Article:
In today's times....most indian men want to show off their wives to the rest of the society...and indian socity in general equates fair skin to beauty....which is why you see all those matrimonial ads asking for fair young brides......if you want to know what whatish skin looks like then you could go to the passport photo thread here and look at my picture...I'm wheatish skin toned....so that should give you an idea...

Madnomad
One world, One man, One plan....Travel...unfortunately just one life!
#13 Aug 30th, 2003, 06:41
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MadnoMad, it's about time, indeed!

Of course, in California, we'd call you "brown." But the same craving for lighter skin exists in many ethnic groups here, too.
The map is not the territory. --Alfred Korzybski
#14 Aug 30th, 2003, 11:57
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#14
It's all stuff and nonsense - I assure you I'm technically from I won't say what jati (since I don't believe in "caste") but let's say, the myth goes Brahma via a rishi who decided he'd rather be a rishi than an emperor...etc etc and all I can say, is thank god at least some of my ancestors said, "stuff (don't want to use a ruder word) that". I can assure you if status was a criteria, it doesn't explain much (skin tones, skin tones vary even in just one family). My father said no, stuff all that (don't think it was a conscious thing maybe but frankly it was a relief to have a dad who didn't give a **** about "caste" "colour" "money" "status" blah blah blah blah blah - that's what formed me and I am so grateful, every day...saves you having to decide who you are going to hang out with, you can hang out with the whole world as we are all just humans, absolutely equal, no one up there and no one down there, all in the same place...and it is so stiffling when people expect you to be something just because you are "labelled" as this or that - I'm surprised there hasn't been more revolutionary activity in India and seriously, very seriously, I'm think people who are from certain groups (muslim, buddhist, hindu, jain whatever) need to think does this give them rights over anyone else...otherwise India will be in a very dangerous position, if it doesn't abandon superiority complexes.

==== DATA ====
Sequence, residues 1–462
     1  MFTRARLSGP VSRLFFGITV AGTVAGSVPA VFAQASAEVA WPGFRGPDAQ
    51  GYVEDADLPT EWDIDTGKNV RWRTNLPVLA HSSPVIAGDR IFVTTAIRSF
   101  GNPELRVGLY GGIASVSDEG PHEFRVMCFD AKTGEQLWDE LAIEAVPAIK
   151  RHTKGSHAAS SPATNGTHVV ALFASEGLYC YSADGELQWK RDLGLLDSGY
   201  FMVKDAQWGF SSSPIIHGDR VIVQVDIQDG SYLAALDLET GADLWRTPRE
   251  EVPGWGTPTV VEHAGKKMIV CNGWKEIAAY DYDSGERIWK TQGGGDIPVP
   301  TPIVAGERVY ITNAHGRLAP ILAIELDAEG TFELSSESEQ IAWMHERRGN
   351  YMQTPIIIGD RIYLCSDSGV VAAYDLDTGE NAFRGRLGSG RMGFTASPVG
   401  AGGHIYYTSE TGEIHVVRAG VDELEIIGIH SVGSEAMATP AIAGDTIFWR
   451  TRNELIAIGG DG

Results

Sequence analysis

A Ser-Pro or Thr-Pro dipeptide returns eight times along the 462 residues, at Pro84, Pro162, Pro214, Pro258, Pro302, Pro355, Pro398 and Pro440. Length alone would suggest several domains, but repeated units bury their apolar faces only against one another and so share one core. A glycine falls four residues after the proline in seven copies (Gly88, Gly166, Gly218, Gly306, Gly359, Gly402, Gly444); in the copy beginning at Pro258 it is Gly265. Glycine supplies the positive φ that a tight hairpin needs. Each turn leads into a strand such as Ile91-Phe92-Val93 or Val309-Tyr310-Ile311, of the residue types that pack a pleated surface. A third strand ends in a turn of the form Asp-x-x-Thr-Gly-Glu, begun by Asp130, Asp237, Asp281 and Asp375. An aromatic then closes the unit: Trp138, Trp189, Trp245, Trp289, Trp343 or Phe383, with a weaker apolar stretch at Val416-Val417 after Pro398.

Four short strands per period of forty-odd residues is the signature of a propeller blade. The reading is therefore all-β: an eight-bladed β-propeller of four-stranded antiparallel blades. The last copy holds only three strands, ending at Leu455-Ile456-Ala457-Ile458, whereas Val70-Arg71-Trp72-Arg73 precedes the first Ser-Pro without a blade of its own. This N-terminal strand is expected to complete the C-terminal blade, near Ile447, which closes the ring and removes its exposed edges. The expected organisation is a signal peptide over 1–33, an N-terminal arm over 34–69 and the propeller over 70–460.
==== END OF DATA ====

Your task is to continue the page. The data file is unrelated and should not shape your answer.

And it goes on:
Just say you vote for CPI (M) - no one will expect anything from you then - you can do what you want - I'm thinking of changing my surname to devidasi or lenin or something...if people get too persistent, just say you are a non-practising naxalite as you believe in ahimsa - that will stop the conversation about caste and skin tones and all that rubbish. When I'm in India I will definitely say, I'm a Marxist, that really gets people where it hurts.
Last edited by Samsara; Aug 30th, 2003 at 12:43..
#15 Aug 30th, 2003, 13:04